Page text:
Cheers from the whole crew out here at Oakdale Farm

Thursday, March 28, 2024

MARCH: The Farm Report 03-28-2024

The Farm Report

Annie Oakley says, "Good Riddance! - I think...." You can tell by her ears she wasn't absolutely positively sure she wanted to see her old Ranger leave the farm - without her! But, alas, it had to go. We have a new one to toot around in, and the old one went to a good home. All is well. 

This pretty much says all you need to know about my month of March! Not only has it been a super busy month, it now takes TWO diesel heaters to keep the little greenhouse plants from freezing on some recent nights. TWO! Well, the new little orange one can't be expected to keep up with older brother. It is only about 1/4 the heating size. It is very efficient, and it is vented - which I really like. But it is small. Not a huge issue. Both are on thermostats, and I've set Mr. Big to come on only if Little Boy can't do the job. But it has been nuts here this month! I just haven't had time to take pics and write down everything. I'll do better next month - I promise.

Onions and leeks don't mind the cold. They're doing fine. I need to up-pot them getting ready to go out into the garden in a couple of weeks.

Score a WIN on the hybrid tea roses wintered over in grow bags inside a cold building. They're coming out of dormancy nicely.

This is what they looked like just a few weeks ago.

Lettuce! I did 3 presentations for the Master Gardeners group I participate with this month. One was on growing hydroponically. So...I thought it would be fun to have some hydroponic lettuce to give the participants. It was a little tricky doing this in January and February, but we did it!

Rex is the one above. It is open pollinated and bred especially for hydroponic growing.

But the old goodies do well, too.

Tennis Ball has roots that go all the way back to Thomas Jefferson's gardens. It is also open pollinated and does very well when grown hydroponically. Frankly, it is my favorite of the two. Sweeter, nicer little 'soft' heads. Fun all around. You should try it.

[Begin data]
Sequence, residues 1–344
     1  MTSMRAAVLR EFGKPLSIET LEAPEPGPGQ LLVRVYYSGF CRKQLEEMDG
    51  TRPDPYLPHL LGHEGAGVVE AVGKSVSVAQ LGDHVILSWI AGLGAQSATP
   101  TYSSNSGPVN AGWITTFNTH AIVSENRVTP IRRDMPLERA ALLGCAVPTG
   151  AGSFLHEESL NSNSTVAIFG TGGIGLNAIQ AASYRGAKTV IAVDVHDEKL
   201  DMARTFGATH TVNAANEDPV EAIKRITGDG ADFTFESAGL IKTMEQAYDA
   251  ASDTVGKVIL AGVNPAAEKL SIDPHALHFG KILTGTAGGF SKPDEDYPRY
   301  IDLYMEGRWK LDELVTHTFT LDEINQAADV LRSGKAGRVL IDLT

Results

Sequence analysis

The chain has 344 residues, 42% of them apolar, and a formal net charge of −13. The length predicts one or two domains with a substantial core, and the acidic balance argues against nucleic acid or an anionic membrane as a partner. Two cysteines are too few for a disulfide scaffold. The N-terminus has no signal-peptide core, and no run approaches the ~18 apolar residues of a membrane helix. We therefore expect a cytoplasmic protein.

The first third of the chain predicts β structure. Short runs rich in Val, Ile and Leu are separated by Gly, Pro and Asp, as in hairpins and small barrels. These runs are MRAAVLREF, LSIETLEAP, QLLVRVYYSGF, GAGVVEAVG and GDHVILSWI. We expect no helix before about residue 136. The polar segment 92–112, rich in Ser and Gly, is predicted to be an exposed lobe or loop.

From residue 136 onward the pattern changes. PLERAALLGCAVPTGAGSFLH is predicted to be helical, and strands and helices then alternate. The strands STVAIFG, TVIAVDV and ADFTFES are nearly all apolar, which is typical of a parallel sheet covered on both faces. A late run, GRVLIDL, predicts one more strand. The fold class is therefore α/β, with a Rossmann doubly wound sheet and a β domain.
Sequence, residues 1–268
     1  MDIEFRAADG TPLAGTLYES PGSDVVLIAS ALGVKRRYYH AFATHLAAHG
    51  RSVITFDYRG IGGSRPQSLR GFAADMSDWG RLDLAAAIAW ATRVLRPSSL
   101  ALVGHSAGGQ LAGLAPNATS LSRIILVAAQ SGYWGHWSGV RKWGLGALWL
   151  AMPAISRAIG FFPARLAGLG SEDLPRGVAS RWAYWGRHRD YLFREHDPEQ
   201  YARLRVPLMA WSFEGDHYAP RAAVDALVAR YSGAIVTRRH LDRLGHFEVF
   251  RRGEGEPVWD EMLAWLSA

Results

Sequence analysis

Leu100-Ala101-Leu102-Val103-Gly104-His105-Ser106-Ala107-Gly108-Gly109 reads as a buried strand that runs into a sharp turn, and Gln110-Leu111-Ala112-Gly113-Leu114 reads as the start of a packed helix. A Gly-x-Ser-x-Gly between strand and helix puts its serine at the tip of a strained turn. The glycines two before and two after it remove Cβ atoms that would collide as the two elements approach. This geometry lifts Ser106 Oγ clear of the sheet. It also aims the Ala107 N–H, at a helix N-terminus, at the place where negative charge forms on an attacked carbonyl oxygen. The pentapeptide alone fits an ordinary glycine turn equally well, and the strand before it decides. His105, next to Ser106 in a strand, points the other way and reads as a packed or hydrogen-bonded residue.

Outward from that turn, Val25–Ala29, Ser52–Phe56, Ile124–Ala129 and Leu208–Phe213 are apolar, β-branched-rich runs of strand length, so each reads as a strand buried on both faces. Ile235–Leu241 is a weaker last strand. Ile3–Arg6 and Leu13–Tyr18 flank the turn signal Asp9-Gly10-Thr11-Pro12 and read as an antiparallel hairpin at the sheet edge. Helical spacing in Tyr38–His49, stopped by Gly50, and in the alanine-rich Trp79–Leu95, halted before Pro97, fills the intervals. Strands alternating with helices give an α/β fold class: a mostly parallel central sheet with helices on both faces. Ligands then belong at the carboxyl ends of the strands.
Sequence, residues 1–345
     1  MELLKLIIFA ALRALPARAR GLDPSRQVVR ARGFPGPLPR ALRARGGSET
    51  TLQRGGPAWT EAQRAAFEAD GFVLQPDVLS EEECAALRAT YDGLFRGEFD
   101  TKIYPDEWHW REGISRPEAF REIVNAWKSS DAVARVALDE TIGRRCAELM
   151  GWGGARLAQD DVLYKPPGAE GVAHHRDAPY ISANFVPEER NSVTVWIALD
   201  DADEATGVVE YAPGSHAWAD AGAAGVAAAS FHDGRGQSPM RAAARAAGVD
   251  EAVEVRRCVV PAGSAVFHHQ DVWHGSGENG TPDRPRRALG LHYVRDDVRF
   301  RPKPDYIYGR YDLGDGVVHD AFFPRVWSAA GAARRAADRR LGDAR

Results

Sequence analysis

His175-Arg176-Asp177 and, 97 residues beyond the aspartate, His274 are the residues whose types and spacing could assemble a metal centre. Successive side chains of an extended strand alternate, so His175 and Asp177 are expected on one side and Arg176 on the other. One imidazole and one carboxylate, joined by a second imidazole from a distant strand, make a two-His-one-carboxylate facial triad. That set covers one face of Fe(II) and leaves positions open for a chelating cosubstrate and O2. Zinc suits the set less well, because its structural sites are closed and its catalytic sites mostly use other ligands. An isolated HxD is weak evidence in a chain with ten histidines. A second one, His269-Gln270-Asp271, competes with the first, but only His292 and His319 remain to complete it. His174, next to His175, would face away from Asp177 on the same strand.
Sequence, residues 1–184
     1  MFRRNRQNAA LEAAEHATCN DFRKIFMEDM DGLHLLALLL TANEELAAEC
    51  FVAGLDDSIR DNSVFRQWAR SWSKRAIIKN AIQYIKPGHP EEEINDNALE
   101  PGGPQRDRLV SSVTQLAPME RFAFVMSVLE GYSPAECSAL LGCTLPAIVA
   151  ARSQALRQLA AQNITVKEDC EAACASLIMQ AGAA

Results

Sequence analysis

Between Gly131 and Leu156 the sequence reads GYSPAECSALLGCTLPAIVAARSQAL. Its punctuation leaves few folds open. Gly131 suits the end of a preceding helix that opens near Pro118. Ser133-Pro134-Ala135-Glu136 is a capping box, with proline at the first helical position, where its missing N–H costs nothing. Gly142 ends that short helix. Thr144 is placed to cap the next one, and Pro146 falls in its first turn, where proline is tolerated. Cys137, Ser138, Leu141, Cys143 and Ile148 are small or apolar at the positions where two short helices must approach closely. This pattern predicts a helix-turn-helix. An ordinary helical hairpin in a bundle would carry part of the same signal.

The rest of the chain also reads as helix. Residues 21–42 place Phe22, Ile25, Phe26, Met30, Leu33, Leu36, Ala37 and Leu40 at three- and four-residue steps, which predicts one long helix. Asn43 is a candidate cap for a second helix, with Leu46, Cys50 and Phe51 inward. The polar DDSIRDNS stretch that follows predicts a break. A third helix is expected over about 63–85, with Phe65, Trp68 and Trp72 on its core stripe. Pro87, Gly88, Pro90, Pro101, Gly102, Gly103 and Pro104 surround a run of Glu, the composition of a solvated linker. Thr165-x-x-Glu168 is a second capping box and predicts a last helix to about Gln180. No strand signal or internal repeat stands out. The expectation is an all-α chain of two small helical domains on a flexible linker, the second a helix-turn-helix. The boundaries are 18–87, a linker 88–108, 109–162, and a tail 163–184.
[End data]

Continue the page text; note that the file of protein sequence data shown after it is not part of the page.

"And other'n that, Mrs. Lincoln, how was the play!?" Warm spells, cold spells, really cold spells, Nasty weather spells. I'm ready to move on. Maybe I'll put away the snow blower next week; maybe not.... My dear sweet brother and sister in law sent me this 'indoor' grill so I could at  least pretend to have a grilled burger out here in the great beyond in the winter. Something is always better than nothin'.

We make do.

All is well - but crazy busy! Hope you're well, too.

Cheers from Annie Oakley and me. 

Wednesday, February 28, 2024

ANNIE'S NEW RANGER: The Farm Report 02-28-2024

 The Farm Report 02-28-2024 

"Hey, Tim buddy! Whadya think of my new Ranger?!"

Yep, that's the old dead Ranger back there in the background. Annie convinced me that we really needed to move up and get her a new machine. This one is a 'Chinese' Ranger from Tractor Supply, but it will keep her happy for awhile. If she had thumbs and a driver's license, she'd be driving it, too.

Good Neighbor, Ron helped us drag it home from the store one day a few weeks ago.

Annie immediately knew it was her new fav machine.

"We're cookin' with gas now, Tim. This unit is just perfect for us out here at Oakdale Farm."

February has been one of those 'Iowa' months so far. When we brought the new Ranger home, it was wet and sloppy. Then, NOT! Major snows and major cold, oh my! It lasted for most of the month of February.

Here's the Oakdale Rose Garden, hip deep in snow.

We went into town and helped prune up a little plumcot tree that had broken itself down due to neglected pruning chores last summer when it was loaded with fruit.

My Dad was famous for saying you could prune your trees yourself, or let Mother Nature do it for you. He insisted that when he did the cutting, it was neater and cleaner than when MN did it herself. He was right for this little tree. It had so much heavy fruit last summer (which is the most delicious sweet candy you've ever picked off a tree!) it broke itself. The best, biggest and most fruit is ALWAYS way out on the end of the branches on the new wood. Physics lesson: the farther away from the trunk of the tree, the more leverage there is on the limbs and the more likely they will break. Which they eventually will do.

The remains of the day. It isn't all for naught though.

We harvested some really nice grafting scions from the prunings. Stay tuned, we'll be doing some spring bench grafting in a week or two. Hope springs eternal out here. New trees soon to come.